Discover Chinese ink works in a “hidden” museum
Glimpse the past through Chinese ink paintings at the exhibition Chinese Ink Works From Lee Kong Chian Collection Of Chinese Art at the NUS Museum.
The museum, which is tucked away in the National University of Singapore and open to the public for a fee, has a display of Chinese painting and calligraphy works which trace the history, tradition, and development of Chinese ink. The showcase includes classical ink works as well as modern and contemporary Chinese paintings by Singapore and Malaysian artists.
The exhibition is on until 17 Apr, and the collection can also be viewed online. Here are five not-to-be-missed works from the Lee Kong Chian Collection:
Victoria Falls by Huang Junbi
Chinese artist Huang Junbi travelled to South Africa in 1969 for an exhibition at the Cape Town Museum and chanced upon the magnificent scenery of the Victoria Falls in Zimbabwe. He applied his knowledge about European linear perspective to the viewpoint of the painting (above), showing his openness to exploring realistic representation in Chinese ink, even though he was often considered a traditionalist.
Landscape by Gao Qifeng
Chinese painter Gao Qifeng picked up painting at an early age from his brother Gao Jianfu, an acclaimed painter. He later left for Japan to study with Japanese painter Tanaka Raisho. Gao’s vivid and realistic art style is a result of his successful fusion of the poeticism of Chinese paintings and Japanese plein air techniques. This undated painting (above) was painted in a manner of realism that captures the mist and rain that shroud the mountains.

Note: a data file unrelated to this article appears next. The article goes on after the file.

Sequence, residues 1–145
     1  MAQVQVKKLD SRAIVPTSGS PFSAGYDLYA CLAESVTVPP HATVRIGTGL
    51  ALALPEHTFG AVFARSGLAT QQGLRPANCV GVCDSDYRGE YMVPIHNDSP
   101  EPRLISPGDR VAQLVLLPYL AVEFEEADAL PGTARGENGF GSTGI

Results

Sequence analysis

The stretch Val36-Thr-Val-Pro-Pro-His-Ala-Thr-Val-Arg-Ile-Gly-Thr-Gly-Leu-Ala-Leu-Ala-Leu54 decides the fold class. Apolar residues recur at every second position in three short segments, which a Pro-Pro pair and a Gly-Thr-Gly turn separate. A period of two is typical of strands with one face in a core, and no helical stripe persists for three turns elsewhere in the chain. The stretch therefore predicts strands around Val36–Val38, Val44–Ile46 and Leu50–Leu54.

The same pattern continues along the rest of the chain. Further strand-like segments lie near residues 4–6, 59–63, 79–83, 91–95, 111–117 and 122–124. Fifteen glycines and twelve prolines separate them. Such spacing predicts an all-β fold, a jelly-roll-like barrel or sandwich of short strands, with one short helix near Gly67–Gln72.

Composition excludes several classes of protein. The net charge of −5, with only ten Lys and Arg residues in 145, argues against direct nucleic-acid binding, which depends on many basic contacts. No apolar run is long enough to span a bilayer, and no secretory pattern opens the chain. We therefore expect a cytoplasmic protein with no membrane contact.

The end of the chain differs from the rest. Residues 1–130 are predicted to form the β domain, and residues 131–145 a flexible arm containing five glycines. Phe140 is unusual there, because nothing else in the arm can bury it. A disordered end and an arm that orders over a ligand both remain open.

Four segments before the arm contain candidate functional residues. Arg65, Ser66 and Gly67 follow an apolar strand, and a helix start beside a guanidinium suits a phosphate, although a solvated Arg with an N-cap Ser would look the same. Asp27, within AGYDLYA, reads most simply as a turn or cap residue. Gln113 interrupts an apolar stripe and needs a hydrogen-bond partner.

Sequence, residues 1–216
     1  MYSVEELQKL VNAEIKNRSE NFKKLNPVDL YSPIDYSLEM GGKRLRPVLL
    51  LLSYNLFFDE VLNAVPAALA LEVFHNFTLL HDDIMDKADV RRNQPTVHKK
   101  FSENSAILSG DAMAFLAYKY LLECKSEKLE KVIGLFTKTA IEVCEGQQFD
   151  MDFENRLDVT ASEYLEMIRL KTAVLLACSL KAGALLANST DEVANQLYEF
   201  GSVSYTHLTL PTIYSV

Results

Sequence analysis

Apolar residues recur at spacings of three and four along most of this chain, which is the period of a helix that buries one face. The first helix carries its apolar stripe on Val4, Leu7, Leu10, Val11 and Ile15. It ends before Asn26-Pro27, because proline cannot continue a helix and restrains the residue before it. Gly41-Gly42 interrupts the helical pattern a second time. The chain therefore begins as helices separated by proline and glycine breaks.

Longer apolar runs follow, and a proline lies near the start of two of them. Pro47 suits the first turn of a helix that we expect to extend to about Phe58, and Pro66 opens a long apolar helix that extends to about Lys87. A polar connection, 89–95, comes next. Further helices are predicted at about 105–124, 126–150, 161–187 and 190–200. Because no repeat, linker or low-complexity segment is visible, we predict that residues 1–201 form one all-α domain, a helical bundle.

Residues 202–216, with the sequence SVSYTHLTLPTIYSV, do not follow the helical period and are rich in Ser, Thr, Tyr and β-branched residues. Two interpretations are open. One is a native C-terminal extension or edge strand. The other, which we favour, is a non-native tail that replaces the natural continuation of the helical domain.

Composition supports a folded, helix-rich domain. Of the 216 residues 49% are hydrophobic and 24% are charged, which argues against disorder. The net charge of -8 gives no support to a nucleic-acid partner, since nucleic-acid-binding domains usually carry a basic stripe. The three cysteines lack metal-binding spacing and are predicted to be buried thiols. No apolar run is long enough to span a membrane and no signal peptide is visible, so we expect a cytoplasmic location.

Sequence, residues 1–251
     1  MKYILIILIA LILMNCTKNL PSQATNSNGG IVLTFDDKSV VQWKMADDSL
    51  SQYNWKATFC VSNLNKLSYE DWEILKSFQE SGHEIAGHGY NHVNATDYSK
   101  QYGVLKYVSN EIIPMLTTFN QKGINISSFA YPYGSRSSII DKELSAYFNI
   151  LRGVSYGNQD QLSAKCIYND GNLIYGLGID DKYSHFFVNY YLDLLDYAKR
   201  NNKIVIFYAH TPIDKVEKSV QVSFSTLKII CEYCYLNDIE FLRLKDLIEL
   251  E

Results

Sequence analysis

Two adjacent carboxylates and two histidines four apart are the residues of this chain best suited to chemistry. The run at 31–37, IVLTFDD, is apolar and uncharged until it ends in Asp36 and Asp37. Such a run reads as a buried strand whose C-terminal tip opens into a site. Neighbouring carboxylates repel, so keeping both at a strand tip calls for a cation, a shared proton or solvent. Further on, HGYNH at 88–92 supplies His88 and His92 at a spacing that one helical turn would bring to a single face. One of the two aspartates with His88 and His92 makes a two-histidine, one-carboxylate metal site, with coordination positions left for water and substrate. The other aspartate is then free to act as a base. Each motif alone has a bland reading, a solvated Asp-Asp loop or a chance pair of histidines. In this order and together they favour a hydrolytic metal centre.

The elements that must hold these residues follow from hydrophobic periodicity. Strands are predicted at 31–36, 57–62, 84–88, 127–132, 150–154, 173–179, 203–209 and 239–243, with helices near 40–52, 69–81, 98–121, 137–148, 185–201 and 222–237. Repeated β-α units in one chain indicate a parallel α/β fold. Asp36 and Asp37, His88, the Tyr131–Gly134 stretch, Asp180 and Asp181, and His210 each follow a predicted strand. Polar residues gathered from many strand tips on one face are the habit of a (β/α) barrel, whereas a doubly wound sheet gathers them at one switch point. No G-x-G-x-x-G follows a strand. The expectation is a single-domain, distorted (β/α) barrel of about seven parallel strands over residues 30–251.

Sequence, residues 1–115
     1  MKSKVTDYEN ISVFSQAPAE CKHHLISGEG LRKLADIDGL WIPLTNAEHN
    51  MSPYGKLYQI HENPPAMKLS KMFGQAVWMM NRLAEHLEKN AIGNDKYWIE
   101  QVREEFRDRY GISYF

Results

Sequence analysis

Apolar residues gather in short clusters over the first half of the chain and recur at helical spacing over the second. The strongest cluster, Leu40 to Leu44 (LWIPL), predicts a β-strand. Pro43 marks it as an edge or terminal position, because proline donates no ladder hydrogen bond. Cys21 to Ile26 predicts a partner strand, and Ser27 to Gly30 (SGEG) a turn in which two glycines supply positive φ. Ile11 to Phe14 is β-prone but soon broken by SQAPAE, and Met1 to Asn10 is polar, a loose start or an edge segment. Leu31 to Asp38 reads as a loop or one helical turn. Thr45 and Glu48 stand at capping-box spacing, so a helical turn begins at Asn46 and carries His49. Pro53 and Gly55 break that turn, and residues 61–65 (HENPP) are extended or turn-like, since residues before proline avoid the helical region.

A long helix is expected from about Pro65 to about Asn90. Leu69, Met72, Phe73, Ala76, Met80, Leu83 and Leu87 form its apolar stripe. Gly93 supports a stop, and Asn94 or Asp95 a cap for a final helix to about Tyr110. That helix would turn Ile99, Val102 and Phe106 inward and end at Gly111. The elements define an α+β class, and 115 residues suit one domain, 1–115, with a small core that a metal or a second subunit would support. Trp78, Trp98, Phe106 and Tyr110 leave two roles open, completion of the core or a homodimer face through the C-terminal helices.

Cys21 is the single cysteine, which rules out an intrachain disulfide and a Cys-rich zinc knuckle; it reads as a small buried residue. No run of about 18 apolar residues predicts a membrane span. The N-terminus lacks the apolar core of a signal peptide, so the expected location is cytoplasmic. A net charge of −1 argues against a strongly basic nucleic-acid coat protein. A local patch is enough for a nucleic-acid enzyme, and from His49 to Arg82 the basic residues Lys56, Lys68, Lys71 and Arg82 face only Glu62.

Sunflower And Bird by Zhao Shao’ang
A student of Chinese painter Gao Qifeng, artist Zhao Shao’ang adopted a painting style that has dominated the Hong Kong art scene for the last 40 years. He was meticulous when it came to capturing the subtle changes of colours, especially when depicting nature, including flowers, birds, and insects. He achieved this using the water infusion and powder infusion techniques of the Lingnan School of painting in Guangzhou.
Magpies by Xu Beihong
In 1919, Chinese painter Xu Beihong won a scholarship at the prestigious National High School of Art in Paris, where he subsequently picked up oil painting. He studied and travelled in Europe for more than a decade, and after returning to China, he applied the techniques he learnt in Paris to Chinese ink painting. This scroll painting (above), depicts the interaction between four magpies, and although it has a traditional Chinese style, he integrated his Chinese brush and ink techniques with Western perspective and methods of composition.
Butterflies And Daylilies by Wu Kan, Guan Xining and Wang Shishen
This delicate ink painting was the result of a collaboration among three artists and friends in the 18th century. Chinese painter Wang Shishen inscribed a short verse in the top left corner of the scroll painting; Wu Kan, a specialist in painting butterflies, painted the winged creatures, and Guan Xining, renowned for his painting of flowers, added the daylilies.
(Photos: NUS Centre For The Arts)